Serological surveys for ovine lentivirus (OvLV), a world-wide cause of pneumonia and chronic debilitation in sheep, have demonstrated a wide range of seroprevalence rates. This study analyzed OvLV infection in a purebred sheep flock with a history of OvLV disease (flock 1), and compared the prevalence with that of a flock lacking previous OvLV-associated disease (flock 2). Serological tests (ELISA and Western blot assay) indicated that 25% of sheep of all ages in flock 1 (Group A) and 33% of animals of all ages in flock 2 (Group B) had antibodies to OvLV. In situ hybridization, however, detected viral RNA in a much larger proportion of sheep (72 and 67%, respectively). Animals less than 1 year of age rarely had antibodies to OvLV, although most harbored viral RNA. Twenty animals in this age group from flock 1 (Group C) were therefore studied more closely for infection. These yearling animals were tested serologically by ELISA and their peripheral blood-derived macrophages were cultured for 14 days to amplify any infection in these target cells. The macrophages were then tested by in situ hybridization, PCR, and cocultivation with susceptible target cells. The results of these tests showed that while only 10% of animals in Group C were seropositive, 70% were positive by in situ hybridization, PCR, and cocultivation. These data suggest that latent OvLV infection is common in sheep and that infection is frequently undetected by serological tests.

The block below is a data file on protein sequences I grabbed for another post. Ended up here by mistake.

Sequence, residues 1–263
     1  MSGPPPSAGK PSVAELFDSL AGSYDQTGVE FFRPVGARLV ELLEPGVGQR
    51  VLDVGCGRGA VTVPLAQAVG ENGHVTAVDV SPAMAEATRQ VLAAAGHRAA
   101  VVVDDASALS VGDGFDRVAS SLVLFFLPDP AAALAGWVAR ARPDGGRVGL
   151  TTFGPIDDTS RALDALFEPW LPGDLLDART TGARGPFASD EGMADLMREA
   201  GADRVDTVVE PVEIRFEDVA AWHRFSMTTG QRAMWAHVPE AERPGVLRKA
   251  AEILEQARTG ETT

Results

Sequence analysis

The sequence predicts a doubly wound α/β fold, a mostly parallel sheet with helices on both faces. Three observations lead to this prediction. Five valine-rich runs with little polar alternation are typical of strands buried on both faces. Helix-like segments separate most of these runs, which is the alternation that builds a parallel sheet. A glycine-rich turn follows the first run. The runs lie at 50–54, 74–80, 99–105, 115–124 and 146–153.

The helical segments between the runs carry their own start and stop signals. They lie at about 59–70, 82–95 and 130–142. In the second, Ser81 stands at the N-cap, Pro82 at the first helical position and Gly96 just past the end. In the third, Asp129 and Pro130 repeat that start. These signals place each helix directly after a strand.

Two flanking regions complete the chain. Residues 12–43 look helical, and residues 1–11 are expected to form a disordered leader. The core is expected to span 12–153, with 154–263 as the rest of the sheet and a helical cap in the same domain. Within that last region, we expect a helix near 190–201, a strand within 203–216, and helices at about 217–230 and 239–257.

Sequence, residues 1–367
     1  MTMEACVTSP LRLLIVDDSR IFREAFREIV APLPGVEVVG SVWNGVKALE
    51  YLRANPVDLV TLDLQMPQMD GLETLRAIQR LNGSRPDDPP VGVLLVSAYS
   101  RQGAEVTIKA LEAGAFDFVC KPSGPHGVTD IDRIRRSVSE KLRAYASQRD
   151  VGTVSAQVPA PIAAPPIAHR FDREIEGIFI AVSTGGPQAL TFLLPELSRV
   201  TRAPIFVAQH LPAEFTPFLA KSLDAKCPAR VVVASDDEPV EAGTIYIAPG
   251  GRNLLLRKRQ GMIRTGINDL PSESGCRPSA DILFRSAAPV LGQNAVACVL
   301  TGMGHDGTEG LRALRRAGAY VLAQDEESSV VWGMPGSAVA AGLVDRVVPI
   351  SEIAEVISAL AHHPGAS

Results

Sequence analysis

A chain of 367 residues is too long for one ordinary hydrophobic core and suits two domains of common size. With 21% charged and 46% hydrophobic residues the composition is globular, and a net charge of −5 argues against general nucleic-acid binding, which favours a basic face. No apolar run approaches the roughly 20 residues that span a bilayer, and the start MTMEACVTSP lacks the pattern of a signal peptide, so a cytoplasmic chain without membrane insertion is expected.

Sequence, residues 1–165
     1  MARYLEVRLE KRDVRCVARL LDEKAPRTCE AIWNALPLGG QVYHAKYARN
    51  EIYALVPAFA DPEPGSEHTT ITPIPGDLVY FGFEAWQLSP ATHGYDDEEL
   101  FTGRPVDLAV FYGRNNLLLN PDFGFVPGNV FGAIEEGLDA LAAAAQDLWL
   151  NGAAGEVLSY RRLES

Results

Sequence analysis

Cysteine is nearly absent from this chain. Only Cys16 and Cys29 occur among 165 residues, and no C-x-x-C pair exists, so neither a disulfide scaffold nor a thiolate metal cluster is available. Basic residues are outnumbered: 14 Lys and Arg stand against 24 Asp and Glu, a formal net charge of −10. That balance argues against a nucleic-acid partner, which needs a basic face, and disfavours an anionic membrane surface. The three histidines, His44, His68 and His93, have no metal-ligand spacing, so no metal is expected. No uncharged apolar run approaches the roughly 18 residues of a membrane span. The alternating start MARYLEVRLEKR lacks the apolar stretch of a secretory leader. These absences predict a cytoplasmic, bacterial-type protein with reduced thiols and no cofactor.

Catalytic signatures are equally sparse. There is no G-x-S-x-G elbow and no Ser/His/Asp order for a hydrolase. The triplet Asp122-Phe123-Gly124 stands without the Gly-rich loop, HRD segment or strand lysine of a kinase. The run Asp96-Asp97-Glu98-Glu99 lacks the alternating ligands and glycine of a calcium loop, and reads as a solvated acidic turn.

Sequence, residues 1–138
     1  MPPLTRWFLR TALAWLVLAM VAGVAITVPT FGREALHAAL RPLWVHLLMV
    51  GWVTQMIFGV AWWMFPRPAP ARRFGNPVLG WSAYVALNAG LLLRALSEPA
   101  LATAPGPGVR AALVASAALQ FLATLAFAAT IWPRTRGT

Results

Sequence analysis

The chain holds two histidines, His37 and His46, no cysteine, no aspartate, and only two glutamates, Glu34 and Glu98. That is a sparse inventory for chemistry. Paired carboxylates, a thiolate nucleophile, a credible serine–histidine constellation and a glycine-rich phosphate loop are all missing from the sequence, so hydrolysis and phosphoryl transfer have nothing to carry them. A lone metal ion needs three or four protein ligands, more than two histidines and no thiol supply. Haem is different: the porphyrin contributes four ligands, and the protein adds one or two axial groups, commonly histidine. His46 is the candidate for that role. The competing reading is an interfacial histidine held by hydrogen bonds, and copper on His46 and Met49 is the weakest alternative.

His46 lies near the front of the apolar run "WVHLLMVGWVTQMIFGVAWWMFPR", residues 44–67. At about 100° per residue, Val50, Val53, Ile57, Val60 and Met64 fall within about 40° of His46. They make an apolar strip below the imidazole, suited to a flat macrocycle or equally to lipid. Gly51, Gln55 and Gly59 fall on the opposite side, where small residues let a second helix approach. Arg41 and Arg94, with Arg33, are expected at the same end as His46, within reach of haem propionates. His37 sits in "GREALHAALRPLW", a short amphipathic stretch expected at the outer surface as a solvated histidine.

ASJC Scopus subject areas
- Immunology and Allergy
- Pathology and Forensic Medicine